“Nothing Ever Lasts” starts cranked to 10 (or maybe 11), equal parts commotion and grace, and never lets up.
“Nothing Ever Lasts” starts cranked to 10 (or maybe 11), equal parts commotion and grace, and never lets up. I like how much the song accomplishes, dynamically, despite the sonic onslaught. In and around the foundational wall of sound, there is freight-train percussion below, a minimal, anthemic synth line above, and Matilda Bogren’s buried but endearing vocals.
Even with her voice mixed down, as the genre usually demands, Bogren steals the show for me, with a few astute moves. First, note the unexpected deviation in the verse—the way the she finishes the first two lyrical lines with an unresolved upturn (first heard around 0:24). In my experience, this kind of shoegaze or dream pop or whatever we might call it is happy enough enshrouding a sing-song-y melody in mud and volume, pushing aside the need for any further songwriting tricks. So that caught my attention. And check out, too, how crisply she manages to enunciate the last syllables of each line in the verse, despite how muffled the words. I may be easily amused but that’s kind of fun.
And then, one more subtle device arrives, first at 0:46: the repeated use of a wordless vocal tag (that is, the “ah-ah-ahh/oh-oh-ohh” part). This, again, strikes me as unusual for the genre. Normally, when a band opts for noise on top, melody below, there are actual words it seems to want you to strain to hear, or not hear. I find the “ah-ah-ahh”s in this context not only charming but a little cheeky.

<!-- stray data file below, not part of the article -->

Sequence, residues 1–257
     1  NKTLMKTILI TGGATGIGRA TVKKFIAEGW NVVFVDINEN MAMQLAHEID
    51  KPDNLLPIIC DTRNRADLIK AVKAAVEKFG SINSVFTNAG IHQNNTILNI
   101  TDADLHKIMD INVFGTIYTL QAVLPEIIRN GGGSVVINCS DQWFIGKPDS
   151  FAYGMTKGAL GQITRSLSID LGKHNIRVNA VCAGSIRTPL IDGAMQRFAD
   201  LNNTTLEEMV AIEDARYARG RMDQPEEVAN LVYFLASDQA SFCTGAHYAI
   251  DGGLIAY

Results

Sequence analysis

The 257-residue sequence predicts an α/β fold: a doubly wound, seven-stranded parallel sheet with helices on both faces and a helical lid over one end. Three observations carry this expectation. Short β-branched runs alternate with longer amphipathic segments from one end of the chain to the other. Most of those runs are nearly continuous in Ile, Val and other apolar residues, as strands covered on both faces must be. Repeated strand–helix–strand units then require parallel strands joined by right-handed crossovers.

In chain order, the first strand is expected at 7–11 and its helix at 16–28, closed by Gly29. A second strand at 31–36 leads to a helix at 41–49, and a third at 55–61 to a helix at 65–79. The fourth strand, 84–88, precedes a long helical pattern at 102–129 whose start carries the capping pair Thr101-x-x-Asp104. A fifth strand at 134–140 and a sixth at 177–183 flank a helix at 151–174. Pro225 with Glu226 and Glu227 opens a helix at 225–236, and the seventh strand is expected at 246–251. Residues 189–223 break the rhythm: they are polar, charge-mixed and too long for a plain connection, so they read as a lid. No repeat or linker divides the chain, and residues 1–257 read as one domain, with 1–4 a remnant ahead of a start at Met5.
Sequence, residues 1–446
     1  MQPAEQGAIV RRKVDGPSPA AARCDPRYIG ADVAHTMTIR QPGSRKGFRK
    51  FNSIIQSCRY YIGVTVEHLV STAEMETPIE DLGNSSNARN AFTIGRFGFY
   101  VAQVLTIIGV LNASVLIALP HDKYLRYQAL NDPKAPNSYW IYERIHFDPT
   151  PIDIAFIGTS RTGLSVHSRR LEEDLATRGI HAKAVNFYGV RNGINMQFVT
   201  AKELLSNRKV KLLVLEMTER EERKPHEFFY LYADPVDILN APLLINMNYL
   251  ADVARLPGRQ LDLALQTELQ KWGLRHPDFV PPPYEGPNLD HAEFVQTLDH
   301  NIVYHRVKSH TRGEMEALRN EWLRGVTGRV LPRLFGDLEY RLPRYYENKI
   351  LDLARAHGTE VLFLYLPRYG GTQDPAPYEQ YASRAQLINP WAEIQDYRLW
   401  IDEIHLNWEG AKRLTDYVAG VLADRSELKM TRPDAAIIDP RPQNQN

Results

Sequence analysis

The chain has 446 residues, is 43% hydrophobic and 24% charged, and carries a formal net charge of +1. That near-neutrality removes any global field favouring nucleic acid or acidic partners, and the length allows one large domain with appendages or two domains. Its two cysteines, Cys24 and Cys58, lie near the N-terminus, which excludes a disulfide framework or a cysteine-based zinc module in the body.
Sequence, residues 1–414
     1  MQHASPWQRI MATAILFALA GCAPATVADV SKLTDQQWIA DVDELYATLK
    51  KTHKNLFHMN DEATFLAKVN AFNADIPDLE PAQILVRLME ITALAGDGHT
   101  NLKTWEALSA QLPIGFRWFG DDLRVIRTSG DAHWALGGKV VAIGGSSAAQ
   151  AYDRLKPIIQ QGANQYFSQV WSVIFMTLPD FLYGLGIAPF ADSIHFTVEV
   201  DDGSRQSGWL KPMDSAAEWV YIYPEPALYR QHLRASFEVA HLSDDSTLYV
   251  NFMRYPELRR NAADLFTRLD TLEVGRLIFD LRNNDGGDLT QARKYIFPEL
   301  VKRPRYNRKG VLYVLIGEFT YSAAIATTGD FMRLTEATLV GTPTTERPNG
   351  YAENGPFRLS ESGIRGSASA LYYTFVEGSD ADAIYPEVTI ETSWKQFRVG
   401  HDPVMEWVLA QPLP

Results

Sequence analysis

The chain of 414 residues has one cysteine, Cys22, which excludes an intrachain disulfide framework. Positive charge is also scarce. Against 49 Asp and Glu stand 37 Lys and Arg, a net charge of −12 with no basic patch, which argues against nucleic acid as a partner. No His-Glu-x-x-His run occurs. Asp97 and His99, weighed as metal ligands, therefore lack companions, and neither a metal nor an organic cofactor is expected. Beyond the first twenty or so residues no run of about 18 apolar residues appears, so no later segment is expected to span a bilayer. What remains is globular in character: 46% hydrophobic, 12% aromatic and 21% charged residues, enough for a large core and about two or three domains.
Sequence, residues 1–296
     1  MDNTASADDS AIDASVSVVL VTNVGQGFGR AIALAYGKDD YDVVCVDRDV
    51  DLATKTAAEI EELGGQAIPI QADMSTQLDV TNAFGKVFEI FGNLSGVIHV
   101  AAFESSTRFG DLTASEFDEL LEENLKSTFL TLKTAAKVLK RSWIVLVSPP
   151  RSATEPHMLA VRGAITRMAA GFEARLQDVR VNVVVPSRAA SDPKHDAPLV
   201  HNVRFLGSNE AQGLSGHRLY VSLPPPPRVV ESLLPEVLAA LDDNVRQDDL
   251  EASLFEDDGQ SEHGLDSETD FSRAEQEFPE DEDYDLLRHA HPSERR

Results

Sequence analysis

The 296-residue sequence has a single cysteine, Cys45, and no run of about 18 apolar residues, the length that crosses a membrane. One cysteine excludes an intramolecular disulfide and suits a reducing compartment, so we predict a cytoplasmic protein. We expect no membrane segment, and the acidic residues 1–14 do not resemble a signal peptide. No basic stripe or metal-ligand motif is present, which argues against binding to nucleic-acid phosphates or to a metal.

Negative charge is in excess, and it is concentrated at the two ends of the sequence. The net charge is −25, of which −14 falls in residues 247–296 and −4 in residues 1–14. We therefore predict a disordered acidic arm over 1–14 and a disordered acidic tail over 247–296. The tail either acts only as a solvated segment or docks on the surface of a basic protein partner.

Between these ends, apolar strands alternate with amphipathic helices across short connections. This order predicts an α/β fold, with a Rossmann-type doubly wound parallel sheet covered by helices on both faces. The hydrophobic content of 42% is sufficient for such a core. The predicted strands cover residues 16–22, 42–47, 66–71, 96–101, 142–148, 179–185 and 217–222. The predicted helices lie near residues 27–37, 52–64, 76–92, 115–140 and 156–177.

Echo Ladies is a trio from Malmö. “Nothing Ever Lasts” appears to be their second single, and arrived as a 7-inch last week via the Swedish label Hybris. Thanks to indefatigable Powerpopulist blog for the head’s up.
photo credit: Ebba Ågren
The opening riff, featuring that dirty/fuzzy/distorted guitar, with the organ noodling behind it, is so strong, to my ears, that I almost don’t need anything else.
Okay, you want rock band instruments? You’ve got ’em here, without hesitation: guitar, bass, drum, and an old-time classic-rock organ. The opening riff, featuring that dirty/fuzzy/distorted guitar, with the organ noodling behind it, is so strong, to my ears, that I almost don’t need anything else. And then—bonus!—the first riff transitions into a secondary riff (0:22), on a janglier guitar, and now I really don’t need anything else.
But as luck would have it, there is yet more. I like how the song manages to be simultaneously bludgeony and melodic—not an easy accomplishment, but Gross Relations’ singer Joey Weber is a big Ramones fan so I guess he knows how to do it. And the cool thing is he may dig the Ramones but aside from the loud, thick sound and the strong melody this doesn’t really sound anything like the Ramones. Big Star via Guided By Voices, maybe. And, no, you can’t hear Weber distinctly, but this is one of those lucky instances in which the singer’s overall incomprehensibility adds to the charm of the piece. I’d say the muddiness is less a production technique than a distinct strategy, embodied not just in the singing and the instrumental sounds (there are distortion pedals at work here, even on the organ) but in the song’s very structure, which disguises what is a normally constructed song (verse/chorus/verse/chorus/instrumental/bridge/chorus) by blurring the verse and chorus and building the bridge as a kind of chorus extension. Cool stuff, and wrapped up in 2:39.
Gross Relations is a relatively new Brooklyn-based foursome. “When You Go Down” is from their six-song Come Clean EP, the band’s first non-single release, and, as it happens, the first release for Raven Sings the Blues Records, an offshoot of the blog of the same name. MP3 via the label.